Area of a Circle
Equipment: You will need a compass, pair of scissors, ruler and protractor for this activity.
Purpose: To discover a formula for the area of a circle.
Step 1: Using the compass, draw a circle of radius 7 cm. Then mark the circle's centre and draw its radius.
Step 2: Place the centre of the protractor at the centre of the circle and the zero line along the radius. Then mark every 30º around the circle.
Step 3: Using a ruler and a pencil, draw lines joining each 30º mark to the centre of the circle to form 6 diameters. The diagram thus obtained will have 12 parts as shown below.
Step 4: Colour the parts as shown below.
Step 5: Cut out the circle and then cut along the diameters so that all parts (i.e. sectors) are separated.
Step 6: Arrange all of the sectors to make a shape that approximates a parallelogram as shown below.
Step 7: Using a ruler, measure the base and the height of the approximate parallelogram obtained in Step 6.
Questions:1. Calculate the area of the figure in Step 6 by using the formula:
2. What is the area of the circle drawn in Step 1?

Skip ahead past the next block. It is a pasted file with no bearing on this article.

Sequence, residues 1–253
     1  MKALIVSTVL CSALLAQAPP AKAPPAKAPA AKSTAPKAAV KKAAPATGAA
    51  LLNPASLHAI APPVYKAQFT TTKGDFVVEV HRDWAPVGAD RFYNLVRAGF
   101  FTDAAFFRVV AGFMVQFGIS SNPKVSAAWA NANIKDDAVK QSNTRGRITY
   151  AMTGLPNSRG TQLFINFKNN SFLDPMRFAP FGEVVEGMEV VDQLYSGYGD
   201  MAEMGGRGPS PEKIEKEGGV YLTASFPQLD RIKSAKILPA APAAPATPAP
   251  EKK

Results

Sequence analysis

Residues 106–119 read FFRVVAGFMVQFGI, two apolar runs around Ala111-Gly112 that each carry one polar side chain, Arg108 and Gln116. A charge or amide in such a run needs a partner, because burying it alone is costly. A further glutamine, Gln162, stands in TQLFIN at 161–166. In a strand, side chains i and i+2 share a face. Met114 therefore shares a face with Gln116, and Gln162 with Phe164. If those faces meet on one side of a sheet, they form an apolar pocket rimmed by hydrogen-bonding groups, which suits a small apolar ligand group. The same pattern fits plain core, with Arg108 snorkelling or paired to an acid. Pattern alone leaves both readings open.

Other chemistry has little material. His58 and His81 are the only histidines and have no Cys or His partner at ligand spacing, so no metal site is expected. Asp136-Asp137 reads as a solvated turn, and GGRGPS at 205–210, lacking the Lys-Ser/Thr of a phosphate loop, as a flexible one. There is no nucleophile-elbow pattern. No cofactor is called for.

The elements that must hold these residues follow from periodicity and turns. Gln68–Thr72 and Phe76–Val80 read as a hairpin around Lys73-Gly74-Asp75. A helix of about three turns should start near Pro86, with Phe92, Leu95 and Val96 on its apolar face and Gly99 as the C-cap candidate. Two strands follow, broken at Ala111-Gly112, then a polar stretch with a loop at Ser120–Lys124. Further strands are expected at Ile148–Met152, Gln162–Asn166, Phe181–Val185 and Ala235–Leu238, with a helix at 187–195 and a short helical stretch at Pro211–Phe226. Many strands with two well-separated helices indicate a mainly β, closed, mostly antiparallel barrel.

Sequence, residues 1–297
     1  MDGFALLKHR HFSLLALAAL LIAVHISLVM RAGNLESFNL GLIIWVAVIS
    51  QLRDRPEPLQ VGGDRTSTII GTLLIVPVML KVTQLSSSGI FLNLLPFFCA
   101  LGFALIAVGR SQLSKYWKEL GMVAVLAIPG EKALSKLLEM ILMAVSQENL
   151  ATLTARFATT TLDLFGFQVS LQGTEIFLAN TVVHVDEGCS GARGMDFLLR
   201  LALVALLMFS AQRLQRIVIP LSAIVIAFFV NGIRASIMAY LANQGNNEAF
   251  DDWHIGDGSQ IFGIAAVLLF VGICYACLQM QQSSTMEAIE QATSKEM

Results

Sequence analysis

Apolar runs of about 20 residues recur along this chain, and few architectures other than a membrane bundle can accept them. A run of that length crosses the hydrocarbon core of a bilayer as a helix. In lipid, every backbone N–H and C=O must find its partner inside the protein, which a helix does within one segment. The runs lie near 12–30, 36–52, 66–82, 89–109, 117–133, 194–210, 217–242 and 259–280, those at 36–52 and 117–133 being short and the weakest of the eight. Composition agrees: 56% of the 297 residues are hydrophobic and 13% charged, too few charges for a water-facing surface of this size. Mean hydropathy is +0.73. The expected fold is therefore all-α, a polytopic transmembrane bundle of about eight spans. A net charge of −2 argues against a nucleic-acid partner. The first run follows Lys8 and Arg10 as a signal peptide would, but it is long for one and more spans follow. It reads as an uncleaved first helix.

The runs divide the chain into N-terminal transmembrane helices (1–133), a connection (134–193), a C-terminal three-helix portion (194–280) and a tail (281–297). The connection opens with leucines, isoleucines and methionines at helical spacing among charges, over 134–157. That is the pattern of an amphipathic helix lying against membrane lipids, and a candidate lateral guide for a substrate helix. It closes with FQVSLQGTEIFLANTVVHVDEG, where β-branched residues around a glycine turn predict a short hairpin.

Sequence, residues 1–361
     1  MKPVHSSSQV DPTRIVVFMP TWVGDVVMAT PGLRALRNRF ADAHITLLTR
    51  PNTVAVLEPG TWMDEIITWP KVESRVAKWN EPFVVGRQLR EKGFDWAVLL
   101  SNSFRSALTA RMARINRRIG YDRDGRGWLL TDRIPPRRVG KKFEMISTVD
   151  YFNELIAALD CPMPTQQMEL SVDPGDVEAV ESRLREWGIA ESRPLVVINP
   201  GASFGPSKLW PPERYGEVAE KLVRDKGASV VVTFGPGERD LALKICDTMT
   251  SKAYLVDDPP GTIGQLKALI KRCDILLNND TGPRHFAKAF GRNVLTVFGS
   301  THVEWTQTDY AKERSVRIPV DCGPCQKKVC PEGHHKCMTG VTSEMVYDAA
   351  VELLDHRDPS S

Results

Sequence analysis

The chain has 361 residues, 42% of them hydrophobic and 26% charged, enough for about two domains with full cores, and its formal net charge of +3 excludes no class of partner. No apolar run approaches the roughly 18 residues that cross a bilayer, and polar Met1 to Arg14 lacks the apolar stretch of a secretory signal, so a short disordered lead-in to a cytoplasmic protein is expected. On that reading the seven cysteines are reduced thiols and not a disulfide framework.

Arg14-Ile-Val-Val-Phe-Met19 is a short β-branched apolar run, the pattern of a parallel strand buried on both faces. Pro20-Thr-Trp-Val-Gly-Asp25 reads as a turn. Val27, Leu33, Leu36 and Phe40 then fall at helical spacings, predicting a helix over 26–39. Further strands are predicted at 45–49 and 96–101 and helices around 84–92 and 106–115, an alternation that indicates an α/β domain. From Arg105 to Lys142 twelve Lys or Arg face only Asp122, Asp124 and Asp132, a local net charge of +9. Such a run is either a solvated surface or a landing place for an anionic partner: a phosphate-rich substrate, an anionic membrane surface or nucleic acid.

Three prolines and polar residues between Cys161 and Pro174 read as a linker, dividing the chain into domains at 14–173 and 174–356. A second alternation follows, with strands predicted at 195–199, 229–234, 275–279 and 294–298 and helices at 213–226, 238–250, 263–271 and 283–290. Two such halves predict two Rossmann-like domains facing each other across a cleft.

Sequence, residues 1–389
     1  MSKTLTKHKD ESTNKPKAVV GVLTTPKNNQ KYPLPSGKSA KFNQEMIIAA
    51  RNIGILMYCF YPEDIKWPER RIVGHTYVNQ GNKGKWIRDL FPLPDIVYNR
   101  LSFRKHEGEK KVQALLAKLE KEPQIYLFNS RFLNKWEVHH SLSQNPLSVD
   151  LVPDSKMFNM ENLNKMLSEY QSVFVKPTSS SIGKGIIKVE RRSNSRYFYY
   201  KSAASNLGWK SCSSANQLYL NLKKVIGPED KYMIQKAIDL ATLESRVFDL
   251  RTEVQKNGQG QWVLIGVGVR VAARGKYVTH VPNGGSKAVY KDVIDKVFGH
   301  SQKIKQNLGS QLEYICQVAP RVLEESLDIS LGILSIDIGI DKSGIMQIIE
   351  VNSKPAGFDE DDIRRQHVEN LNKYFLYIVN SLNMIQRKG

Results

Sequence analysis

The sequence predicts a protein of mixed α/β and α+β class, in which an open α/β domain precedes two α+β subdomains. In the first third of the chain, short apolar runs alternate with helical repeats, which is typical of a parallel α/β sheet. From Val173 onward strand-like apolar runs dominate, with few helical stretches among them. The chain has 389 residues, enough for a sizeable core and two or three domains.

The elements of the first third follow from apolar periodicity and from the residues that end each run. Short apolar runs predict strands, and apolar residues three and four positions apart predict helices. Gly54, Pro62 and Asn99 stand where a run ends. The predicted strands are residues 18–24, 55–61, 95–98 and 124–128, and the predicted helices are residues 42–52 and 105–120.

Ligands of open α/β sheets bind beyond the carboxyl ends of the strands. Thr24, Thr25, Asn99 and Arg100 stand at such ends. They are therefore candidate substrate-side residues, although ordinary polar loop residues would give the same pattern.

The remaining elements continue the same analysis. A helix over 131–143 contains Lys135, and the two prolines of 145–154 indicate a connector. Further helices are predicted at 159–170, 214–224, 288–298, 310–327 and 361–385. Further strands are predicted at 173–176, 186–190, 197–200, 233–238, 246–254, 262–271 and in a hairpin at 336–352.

3. It appears that there is a formula for calculating the area of a circle. Can you discover it?
Formula for the Area of a Circle
From the above activity, it is clear that by arranging the sectors of the circle as a parallelogram that:
Remember:The area, A, of a circle is given by the following formula where r is the radius of the circle:
So, the area is 616 m2.
Note:To find the area of a region enclosed within a plane figure, draw a diagram and write an appropriate formula. Then substitute the given values and use a calculator, if necessary, to obtain the required area.
Example 9Find the area of a circle of whose diameter is 11 cm using π = 3.14. Round your answer to 2 decimal places.
So, the area is 94.99 cm2.
Numbers, numbers everywhere ,
There seems to be so many different types
That I can’t get them all clear!
Today we are detectives on case to find out more about numbers. You will be given the worksheet that is in the file below to complete based on types of numbers.
Use the links below to assist you with your mission.
A triangle has three sides and three angles
The three angles always add to 180°Equilateral, Isosceles and Scalene
There are three special names given to triangles that tell how many sides (or angles) are equal.
There can be 3, 2 or no equal sides/angles:
Equilateral TriangleThree equal sides
Three equal angles, always 60°
Isosceles TriangleTwo equal sides
Two equal angles
Scalene TriangleNo equal sides
No equal angles
What Type of Angle?
Triangles can also have names that tell you what type of angle is inside:
Acute TriangleAll angles are less than 90°
Right TriangleHas a right angle (90°)
Obtuse TriangleHas an angle more than 90°